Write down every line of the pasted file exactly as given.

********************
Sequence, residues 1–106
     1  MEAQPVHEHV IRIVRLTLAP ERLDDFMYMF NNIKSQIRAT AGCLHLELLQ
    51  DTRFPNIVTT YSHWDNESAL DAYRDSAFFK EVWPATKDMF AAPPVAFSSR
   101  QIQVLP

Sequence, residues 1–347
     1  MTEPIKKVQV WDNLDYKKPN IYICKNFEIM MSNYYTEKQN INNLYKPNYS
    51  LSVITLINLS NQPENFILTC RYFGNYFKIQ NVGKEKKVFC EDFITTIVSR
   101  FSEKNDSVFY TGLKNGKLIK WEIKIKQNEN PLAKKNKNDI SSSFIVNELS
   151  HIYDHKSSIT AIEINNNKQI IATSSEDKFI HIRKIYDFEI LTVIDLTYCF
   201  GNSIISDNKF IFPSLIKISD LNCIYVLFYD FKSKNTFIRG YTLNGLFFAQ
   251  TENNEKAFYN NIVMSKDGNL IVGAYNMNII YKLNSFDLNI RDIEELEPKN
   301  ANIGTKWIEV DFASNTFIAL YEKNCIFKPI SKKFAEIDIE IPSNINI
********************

Sequence, residues 1–106
     1  MEAQPVHEHV IRIVRLTLAP ERLDDFMYMF NNIKSQIRAT AGCLHLELLQ
    51  DTRFPNIVTT YSHWDNESAL DAYRDSAFFK EVWPATKDMF AAPPVAFSSR
   101  QIQVLP

Sequence, residues 1–347
     1  MTEPIKKVQV WDNLDYKKPN IYICKNFEIM MSNYYTEKQN INNLYKPNYS
    51  LSVITLINLS NQPENFILTC RYFGNYFKIQ NVGKEKKVFC EDFITTIVSR
   101  FSEKNDSVFY TGLKNGKLIK WEIKIKQNEN PLAKKNKNDI SSSFIVNELS
   151  HIYDHKSSIT AIEINNNKQI IATSSEDKFI HIRKIYDFEI LTVIDLTYCF
   201  GNSIISDNKF IFPSLIKISD LNCIYVLFYD FKSKNTFIRG YTLNGLFFAQ
   251  TENNEKAFYN NIVMSKDGNL IVGAYNMNII YKLNSFDLNI RDIEELEPKN
   301  ANIGTKWIEV DFASNTFIAL YEKNCIFKPI SKKFAEIDIE IPSNINI